Let 10,000 Syrian refugees settle in Canada, humanitarian groups say • The Syrian Observatory For Human Rights

Let 10,000 Syrian refugees settle in Canada, humanitarian groups say

Humanitarian groups want Immigration Minister Chris Alexander to immediately let 10,000 Syrian refugees settle here and they want an explanation why the Canadian government is dragging its feet when it comes to resettling Syrians.

In 2013, Ottawa promised to admit 1,300 Syrian refugees yet the groups say only 200 people have been accepted into Canada, said Faisal Alazem, a Syrian-Canadian with the humanitarian group the Union of Syrian Medical Relief Organizations. The union helps set up field hospitals inside Syria.

Every time they ask Ottawa for precise numbers on how many Syrians have been let in, they get the runaround, said Alazem,

“There is never a clear answer. There are always answers that deflect you. We hear a lot that Canada prides itself in hosting one in every 10 (world) refugees. But our estimate is that there are not more than 200 Syrian refugees here, so far,” he said, referring to the 2013 promise.

No place is safe in Syria and nearly seven million people have been displaced from their homes and are fighting to stay alive, Alazem said Tuesday at a Toronto press conference.

“You either risk being torn into pieces by a barrel bomb, (or) you are at risk of kidnapping or falling into the hands of the Islamic State and Levant,” said Alazem, who left Damascus, Syria to come to Canada as a McGill University student in 2002.

There are more than three million Syrians living in refugee camps and on the streets in Turkey, Jordan and Lebanon. Yet trying to bring Syrians here, even temporarily to reunify families, is next to impossible, he adds.

“There was a horrible typhoon in the Philippines and we saw a press release from (Citizenship and Immigration) Minister Alexander stating that family reunification would be expedited for Filipinos and humanitarian measures would be taken, etc. When a Syrian-Canadian views this fast reaction from the government and sees nothing is being done for Syrians, they ask themselves, ‘What is the difference between myself and a Filipino?’ ”

Typhoon Haiyan devastated the Philippines in November 2013. Approximately 1,540 Filipinos had entered Canada as of October 2014 as a result of the special measure, reported the Star’s Amy Dempsey.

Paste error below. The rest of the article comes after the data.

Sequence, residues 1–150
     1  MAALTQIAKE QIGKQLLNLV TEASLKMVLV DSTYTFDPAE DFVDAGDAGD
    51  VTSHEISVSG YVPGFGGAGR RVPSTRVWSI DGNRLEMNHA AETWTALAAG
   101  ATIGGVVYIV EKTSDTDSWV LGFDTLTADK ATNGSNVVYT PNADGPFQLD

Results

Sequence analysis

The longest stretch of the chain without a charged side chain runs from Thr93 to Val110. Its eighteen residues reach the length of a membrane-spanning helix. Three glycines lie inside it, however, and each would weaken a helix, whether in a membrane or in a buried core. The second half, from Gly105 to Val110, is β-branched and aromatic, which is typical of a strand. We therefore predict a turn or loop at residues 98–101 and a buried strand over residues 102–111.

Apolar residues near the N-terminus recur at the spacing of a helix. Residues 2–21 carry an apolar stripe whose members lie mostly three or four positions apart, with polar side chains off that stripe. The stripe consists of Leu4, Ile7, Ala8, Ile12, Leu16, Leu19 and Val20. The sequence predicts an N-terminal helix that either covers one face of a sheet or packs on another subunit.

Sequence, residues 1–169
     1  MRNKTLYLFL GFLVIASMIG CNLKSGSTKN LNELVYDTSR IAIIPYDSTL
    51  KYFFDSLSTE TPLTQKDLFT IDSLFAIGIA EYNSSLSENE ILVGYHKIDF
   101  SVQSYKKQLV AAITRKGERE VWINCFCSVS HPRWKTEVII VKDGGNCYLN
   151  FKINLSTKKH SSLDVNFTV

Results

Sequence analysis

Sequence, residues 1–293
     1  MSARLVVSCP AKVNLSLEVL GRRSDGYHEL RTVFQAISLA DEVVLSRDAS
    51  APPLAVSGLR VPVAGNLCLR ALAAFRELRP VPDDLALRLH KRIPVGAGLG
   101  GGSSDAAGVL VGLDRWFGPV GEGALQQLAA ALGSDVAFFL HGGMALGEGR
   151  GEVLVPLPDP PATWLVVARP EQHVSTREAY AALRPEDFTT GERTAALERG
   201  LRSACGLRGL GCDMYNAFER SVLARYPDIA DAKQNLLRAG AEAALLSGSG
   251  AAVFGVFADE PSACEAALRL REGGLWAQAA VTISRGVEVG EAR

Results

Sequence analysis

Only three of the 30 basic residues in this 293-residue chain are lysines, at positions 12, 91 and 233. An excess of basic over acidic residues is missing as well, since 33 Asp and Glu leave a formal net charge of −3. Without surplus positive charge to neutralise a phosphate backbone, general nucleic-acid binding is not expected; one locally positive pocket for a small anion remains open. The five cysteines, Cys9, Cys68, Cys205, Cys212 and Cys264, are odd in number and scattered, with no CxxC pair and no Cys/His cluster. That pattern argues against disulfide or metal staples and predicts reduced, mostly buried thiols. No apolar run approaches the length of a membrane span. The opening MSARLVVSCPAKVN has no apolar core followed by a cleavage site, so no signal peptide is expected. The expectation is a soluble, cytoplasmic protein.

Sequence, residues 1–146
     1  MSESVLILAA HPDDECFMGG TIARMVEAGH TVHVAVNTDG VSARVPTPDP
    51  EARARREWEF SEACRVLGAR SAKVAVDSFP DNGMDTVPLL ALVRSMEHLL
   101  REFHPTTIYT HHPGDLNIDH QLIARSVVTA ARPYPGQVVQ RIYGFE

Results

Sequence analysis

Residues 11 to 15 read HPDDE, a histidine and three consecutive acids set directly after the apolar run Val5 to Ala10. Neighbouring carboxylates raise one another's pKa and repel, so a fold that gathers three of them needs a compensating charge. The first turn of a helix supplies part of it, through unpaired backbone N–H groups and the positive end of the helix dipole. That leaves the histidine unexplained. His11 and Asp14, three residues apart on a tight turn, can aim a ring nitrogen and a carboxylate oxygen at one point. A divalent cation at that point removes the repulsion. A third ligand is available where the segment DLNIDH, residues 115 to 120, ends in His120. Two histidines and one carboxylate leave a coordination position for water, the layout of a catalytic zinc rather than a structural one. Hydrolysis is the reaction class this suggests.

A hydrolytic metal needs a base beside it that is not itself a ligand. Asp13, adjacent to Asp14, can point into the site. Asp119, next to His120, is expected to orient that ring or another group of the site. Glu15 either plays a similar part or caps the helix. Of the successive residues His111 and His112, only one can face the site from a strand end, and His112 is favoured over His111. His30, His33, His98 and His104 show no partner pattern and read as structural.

The United Nations High Commissioner for Refugees (UNHCR) recently asked all global nations to support the resettlement of 100,000 Syrians in 2015-16 and have called the movement of people out of Syria the “biggest humanitarian crisis of our era.”

Humanitarian groups, including the Canadian Council for Refugees, Canadians in Support of Refugees in Dire Need, Doctors For Humanity and the Canadian Immigrant Settlement Sector Alliance, have written to Alexander’s office, requesting 10,000 spots be opened up and that a meeting to discuss Canada’s response to the Syrian crisis take place urgently.

Canada is still considering the next steps concerning the recent UN request and the Citizenship and Immigration Ministry will not speculate on what Canada’s next step will be.

Ottawa is in the process of answering the UN’s 2013 appeal to resettle 1,300 Syrians by the end of 2014 — 200 refugees through a government assistance program and 1,100 through private sponsorship.

Kevin Menard, press secretary to Alexander, defended Canada’s response to the Syrian crisis, saying Canada is a “world leader” in providing Syrians with humanitarian, development and security aid.

Since the start of the Syrian conflict, Canada has provided protection to over than 1, 640 Syrians, he said.

Menard went on to add that “Canada has one of the most generous refugee policies in the world,” and he echoed Alazem by saying Canada “welcomes about one out of every 10 of all resettled refugees globally.”

Nations such as Sweden have had no problems processing Syrian refugees. Sweden, which has about one-quarter the population of Canada, has accepted 40,000 refugees since the conflict began in 2011.

Peter Goodspeed, writing in his Atkinson series “Politics of Compassion: Canada and the Syrian Crisis,” pointed out there are devastating delays coming from the Winnipeg centralized immigration processing office that is causing refugees to wait years.

Through Access to Information Act information, Goodspeed found there is a backlog that means the benchmark 30-day processing time is not being met and “sponsors are not receiving a case decision for almost one year,” according to a departmental assessment dated almost one year ago.

The report suggested it could take two years to clear the existing inventory of cases in addition to “almost two and a half years to process projected 2014 application submissions.”

the Star

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